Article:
Junk bonds are giving stocks the green light

The junk bond signal

As stocks reach record highs, the price of speculative bonds have rallied as well, suggesting further gains for equities.

"Typically bonds lead equities," Piper Johnson technical analyst Craig Johnson said Friday on CNBC's "Trading Nation. "

"We've looked at these high-yield indexes in the past, … and what we've found in the past is that it's typically a sign of a risk-on environment for equities. So we do think it's a good sign."

High-yield bonds are more colorfully known as junk bonds, and the two monikers highlight the upside and downside of these fixed income issues. On the one hand, they offer higher yields than most bonds, but their yields are high because their issuers have low credit ratings, meaning there is a greater chance of default.

Such bonds may be viewed as the stocks of the fixed-income world. That's because high-yield bonds, like stocks, generally hope to see better-than-expected economic growth. The difference is that for stocks, economic growth means greater profits, while for high-yield bonds, economic growth means fewer defaults.

The easiest way to examine how high-yield bonds are doing is to pull up the HYG ETF, a popular product from BlackRock's iShares, which tracks a high-yield bond index. On Thursday, the HYG hit its highest levels in over a year.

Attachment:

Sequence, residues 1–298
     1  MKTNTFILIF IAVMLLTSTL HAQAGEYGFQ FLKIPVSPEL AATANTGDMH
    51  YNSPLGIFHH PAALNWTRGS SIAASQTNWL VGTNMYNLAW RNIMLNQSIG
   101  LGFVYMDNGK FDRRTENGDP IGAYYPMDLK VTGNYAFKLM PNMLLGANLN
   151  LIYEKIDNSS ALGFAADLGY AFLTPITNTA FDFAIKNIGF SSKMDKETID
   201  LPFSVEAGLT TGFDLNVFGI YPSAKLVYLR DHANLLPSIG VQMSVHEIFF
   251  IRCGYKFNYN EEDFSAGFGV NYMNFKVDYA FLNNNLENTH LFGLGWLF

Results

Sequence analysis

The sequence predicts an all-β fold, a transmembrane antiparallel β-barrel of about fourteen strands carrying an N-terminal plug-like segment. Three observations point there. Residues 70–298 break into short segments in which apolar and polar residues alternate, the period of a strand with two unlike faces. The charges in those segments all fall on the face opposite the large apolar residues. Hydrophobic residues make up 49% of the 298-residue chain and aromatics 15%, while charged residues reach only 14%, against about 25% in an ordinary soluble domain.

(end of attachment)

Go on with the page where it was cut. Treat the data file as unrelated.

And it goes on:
The performance of high-yield bonds, alongside that of emerging markets and impressive readings on measures of market breadth, led Nautilus Investment Research to conclude in a note Friday that "the current uptrend's health is intact." Translation: More gains look to be ahead for stocks.

Yet for Eddy Elfenbein, editor of the Crossing Wall Street blog, "this doesn't say so much about the stock market right now, but it really reflects what's going on in the oil market."

As he pointed out on "Trading Nation," the correlation between oil and high-yield bond indexes is "very high. … Where oil goes, the high-yield bonds will follow."

The explanation for this: The junk bonds that have looked to be in worse shape have been oil exposed. That means that falling oil prices have made the threat of bankruptcies and consequent defaults look much more likely, forcing high-yield bond investors to keep a close eye on crude.

Of course, stocks are not immune from being driven by the peripeties of the oil market, either.